Manchester University
Oak Leaves

November 22, 2019

Chris Francois

Francois hopes one day to become a minister of health for Haiti. 

Photo provided by Chris Francois

Senior Spotlight on Chris Francois: Peace Studies Major, Cofounder of Health Initiative 

Erica Mohr


College is about the art of juggling— coursework, sometimes practices and games, all while maintaining a certain GPA. However, Chris Francois is juggling significantly more than an average student. Just a few of their responsibilities include being a resident assistant, running two companies, and being active in several different clubs. Francois is a senior at Manchester University from Haiti and wears many hats for their different roles on campus.

Francois will be graduating this year with a degree in peace studies, and Manchester’s peace studies program is one of the reasons that drew them here. “The peace studies program is just fantastic here.” Francois said. “Just knowing that it was the first program in the world and knowing I could get an education that was tight knit really drew me here.” The peace studies program has been a positive influence on them throughout their four years at Manchester. “I got to present my research at the top undergraduate conference for peace studies at Notre Dame and that was because of the alumni connections that faculty here have,” Francois said.

Francois was the odd one out in their family, choosing to follow a social science instead of a more math-based science. “My family is very traditional, my mom is a doctor and a professor, my dad is a banker and my stepdad is a doctor,” Francois said. “I was going to go into engineering to follow the traditional STEM hard-science kind of route, but my mom has been involved in a lot of charity work. I got an award this year and she actually got the same award quite literally a decade ago. Peace studies was a calling for me; it just fits.”

One of the many responsibilities Francois has is that they are the vice president, cofounder, and director of Marketing and Communications for the Delice Dental Health Initiative. Francois was 16 when they helped to co-fund this project, a nonprofit based on giving inexpensive or free dental health to citizens of Haiti. This whole initiative is a “labor of love” because it is completely entirely volunteer based.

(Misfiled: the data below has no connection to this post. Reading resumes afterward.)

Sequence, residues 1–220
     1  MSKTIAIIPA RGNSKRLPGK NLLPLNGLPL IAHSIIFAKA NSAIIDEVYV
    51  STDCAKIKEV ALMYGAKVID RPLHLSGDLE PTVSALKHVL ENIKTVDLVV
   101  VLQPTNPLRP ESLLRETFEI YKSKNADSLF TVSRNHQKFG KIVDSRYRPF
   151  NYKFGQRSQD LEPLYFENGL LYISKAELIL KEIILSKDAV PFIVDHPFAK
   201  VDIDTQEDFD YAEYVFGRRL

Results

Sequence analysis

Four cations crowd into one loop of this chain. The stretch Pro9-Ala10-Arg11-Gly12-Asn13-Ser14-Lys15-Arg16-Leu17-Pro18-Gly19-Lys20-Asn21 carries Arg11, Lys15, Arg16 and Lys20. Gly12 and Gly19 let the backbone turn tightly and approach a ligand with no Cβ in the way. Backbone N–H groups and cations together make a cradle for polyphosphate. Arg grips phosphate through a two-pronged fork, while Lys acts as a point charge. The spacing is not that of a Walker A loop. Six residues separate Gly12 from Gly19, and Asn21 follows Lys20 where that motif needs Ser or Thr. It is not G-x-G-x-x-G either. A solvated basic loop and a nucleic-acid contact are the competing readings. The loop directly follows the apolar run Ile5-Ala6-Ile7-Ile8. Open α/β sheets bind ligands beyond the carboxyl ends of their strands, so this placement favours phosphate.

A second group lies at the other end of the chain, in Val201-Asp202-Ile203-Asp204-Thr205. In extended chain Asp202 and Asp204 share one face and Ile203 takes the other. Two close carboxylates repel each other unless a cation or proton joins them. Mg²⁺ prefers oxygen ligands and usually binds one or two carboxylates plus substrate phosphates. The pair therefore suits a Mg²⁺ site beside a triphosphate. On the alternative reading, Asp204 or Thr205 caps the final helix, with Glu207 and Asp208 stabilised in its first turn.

Francois tries to stay connected with Haiti a few ways, although it can be difficult as they are the only Haitian on campus. “I have a ritual where I cook Haitian spaghetti; it’s a special kind of spaghetti, where you eat it for breakfast, and I make it every Saturday,” Francois said. “It’s the easiest dish to make with the ingredients here.” Another way they stay connected to their culture is how they speak Haitian Creole when on the phone with their parents.

In their room, there is a giant Haitian flag hanging on the wall, and there are books scattered on their desk, many with titles concerning racism in the Dominican Republic. “I do a lot of academic work on Haiti to the point where my professors don’t like it because they haven’t done much research work on Haiti,” Francois said.

Francois is currently still looking at graduate schools, with one option being the University of Notre Dame, because of historic connections between Manchester and Notre Dame, and they plan to pursue a degree in evidence-based social intervention and social policy. “I’m really interested in a program that will combine international development, peace studies, public policy and social policy health care,” Francois said. “In 10-20 years I definitely see myself as a minister of health for Haiti, it’s my dream job.”